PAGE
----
Again, I said this couldn't be. I had to buy new CDs anyway? Why in the world would they design something incapable of this simple task? Do they expect everybody to want one of these just for walking around? "C'mon," I said. "That's impossible." His answer? "Hey man, come down to my place and I'll show you."

Well, as most of you know, he proved himself correct. I sheepishly took my Nano, listened to it and said it sounded better than I thought it would. Of course, I thought it would sound like the transistor radio I had when I was eight years old - the one with the mono earpiece I tried to hide during the World Series, which believe it or not, used to be held during school hours. I think Miss Lapham (my fourth-grade teacher, approximately 100 years ago) still has that damn earpiece.

But back to my Nano. If only to torture me even more, my friend actually downloaded a song from a CD in lossless format, so I could tell if I really needed it. I listened for ten seconds before I nearly threw the damn thing across the room. Of course it was better. Give me a four-way blind test and I'll still pick out the lossless song. I may not be golden-eared, but I'm at least bronze-eared and damn near anyone could tell the difference anyway.

So I took it home and made a few calls - well, actually one call, but it involved several people. I called my friendly, regional Mac dealer -- from whom I bought both my G-4 and my wife's iBook -- and asked for confirmation on this iPod shortcoming or an easier way to overcome it.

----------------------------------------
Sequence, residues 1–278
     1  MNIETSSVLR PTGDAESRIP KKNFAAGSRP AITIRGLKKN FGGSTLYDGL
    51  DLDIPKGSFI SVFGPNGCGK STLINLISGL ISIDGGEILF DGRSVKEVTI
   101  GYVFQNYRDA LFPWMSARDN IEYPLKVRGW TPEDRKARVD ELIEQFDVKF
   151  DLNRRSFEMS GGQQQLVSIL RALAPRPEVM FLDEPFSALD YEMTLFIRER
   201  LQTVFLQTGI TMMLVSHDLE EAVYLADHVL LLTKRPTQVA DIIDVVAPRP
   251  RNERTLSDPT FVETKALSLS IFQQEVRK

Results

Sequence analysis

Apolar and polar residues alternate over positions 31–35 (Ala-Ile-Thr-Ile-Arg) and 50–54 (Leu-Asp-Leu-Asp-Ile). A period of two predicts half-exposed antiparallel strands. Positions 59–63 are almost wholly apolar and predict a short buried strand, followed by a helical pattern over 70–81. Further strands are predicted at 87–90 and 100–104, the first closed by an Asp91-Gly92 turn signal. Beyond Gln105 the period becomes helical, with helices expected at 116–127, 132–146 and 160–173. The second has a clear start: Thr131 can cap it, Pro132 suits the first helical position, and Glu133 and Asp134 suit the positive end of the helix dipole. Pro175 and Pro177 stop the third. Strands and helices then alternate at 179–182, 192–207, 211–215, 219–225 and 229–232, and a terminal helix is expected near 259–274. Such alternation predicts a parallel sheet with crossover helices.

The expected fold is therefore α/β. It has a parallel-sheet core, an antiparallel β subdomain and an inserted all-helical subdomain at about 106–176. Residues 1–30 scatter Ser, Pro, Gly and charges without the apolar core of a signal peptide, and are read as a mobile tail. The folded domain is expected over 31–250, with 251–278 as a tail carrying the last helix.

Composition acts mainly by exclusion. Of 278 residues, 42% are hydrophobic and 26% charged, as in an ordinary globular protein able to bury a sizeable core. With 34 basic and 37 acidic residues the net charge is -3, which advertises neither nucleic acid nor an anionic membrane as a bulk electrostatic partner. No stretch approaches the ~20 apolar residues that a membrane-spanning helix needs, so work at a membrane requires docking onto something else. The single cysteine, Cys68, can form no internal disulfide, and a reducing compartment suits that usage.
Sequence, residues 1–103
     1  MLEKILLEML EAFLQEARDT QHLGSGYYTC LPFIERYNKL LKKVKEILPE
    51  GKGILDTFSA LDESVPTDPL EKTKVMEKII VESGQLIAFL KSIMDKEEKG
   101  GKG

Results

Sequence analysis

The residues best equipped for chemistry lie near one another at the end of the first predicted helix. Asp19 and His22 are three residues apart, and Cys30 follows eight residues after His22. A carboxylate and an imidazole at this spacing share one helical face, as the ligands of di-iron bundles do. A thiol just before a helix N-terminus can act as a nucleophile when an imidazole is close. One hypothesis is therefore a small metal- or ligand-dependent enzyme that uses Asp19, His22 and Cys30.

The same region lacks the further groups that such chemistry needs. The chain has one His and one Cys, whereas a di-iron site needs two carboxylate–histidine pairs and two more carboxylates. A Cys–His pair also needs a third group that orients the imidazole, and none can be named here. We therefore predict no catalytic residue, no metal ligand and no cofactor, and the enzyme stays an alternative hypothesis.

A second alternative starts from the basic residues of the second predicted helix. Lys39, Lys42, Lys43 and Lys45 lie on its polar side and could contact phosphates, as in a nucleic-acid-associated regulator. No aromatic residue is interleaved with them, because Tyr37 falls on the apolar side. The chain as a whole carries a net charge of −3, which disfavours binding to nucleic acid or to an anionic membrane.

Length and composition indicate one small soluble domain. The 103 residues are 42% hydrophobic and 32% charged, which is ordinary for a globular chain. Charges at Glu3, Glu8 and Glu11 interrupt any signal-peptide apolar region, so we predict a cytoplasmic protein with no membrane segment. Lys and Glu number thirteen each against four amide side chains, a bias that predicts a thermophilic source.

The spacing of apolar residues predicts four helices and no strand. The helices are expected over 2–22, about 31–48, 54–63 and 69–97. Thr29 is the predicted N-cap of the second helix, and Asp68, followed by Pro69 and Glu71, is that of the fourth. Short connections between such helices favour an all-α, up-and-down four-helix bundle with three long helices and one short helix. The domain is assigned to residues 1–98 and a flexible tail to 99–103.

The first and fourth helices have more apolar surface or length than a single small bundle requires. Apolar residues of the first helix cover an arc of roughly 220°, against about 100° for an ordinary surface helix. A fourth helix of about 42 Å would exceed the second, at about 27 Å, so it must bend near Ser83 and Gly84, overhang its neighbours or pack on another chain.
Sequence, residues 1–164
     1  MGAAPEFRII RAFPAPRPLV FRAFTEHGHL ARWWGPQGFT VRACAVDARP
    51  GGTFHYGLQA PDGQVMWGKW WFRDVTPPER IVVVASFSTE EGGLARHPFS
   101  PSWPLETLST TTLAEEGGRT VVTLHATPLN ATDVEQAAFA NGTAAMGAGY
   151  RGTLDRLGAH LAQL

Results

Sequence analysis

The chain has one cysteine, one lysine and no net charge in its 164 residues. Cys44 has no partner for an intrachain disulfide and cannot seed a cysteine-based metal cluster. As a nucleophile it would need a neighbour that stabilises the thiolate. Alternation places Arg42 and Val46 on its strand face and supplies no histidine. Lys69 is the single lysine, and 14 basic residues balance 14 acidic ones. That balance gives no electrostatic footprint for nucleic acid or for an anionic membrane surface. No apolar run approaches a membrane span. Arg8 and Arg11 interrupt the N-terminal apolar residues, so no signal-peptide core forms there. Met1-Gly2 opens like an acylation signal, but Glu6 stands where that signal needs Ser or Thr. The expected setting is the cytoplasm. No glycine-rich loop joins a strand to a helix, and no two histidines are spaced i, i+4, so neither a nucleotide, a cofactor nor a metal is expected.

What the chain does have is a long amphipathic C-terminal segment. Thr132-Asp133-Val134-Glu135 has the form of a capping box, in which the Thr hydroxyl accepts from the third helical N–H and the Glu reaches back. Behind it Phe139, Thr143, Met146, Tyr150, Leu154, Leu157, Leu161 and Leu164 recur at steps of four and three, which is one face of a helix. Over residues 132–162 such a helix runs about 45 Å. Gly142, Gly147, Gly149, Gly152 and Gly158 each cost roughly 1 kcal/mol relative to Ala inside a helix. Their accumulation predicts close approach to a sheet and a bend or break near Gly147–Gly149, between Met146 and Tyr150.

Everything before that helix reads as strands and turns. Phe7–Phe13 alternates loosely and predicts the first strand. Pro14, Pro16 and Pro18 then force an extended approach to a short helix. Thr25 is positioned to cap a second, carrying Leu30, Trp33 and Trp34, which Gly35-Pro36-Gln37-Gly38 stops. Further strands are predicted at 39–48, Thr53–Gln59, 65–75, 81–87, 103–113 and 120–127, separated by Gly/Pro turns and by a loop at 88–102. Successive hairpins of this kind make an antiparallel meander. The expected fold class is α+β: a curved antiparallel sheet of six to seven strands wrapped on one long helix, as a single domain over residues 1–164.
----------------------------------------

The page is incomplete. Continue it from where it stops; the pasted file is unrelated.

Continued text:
I was transferred a couple of times until I got Alan in service, who finally confirmed you couldn't do with any iPod what I wanted to do. I desperately asked him why. He said he didn't know - nobody ever asked. Well, if that's true, then either I'm the only audiophile in Northwest Arkansas or the only one stupid enough to try this little gambit. ... And I couldn't resist: I just had to ask Alan what it would take for me to download any songs at all.

His answer was a new computer, with enough of everything it takes to make OS-X actually work. And if I still wanted my laptop to talk to my desktop -- with a new Airport base station and cards in between -- the whole deal for two new computers came to a minimum of $3,000. Add to that, some kind of audiophile whose-a-ma-futz (the new $2,000 MSB dock?) to make MP-3 sound reasonable enough that I wouldn't want to slit my wrists while listening, and you have about $5,000.

No, I didn't buy. I actually resisted. Everybody has their breaking point and 5 large just happens to be mine. Chalk one up for discipline (finally). So where's my Nano? It's in this cute little docking station I bought before knowing its shortcomings. It sits next to my computer and I've listened to it maybe five times before wanting to cheerily jump up and down on top of it. Yeah, death by 280 pounds of frustrated audiophile is what the little piece of crap deserves.

And how has this episode effected my view of computer-based music? Screw it - I'm buying a new CD player.

Mike Rodman is a journalist and author who lives on the shores of Beaver Lake, in Northwest Arkansas. His book, "Beyond the Sea: A Life in Short Stories" is available at: http://www.mikerodman.com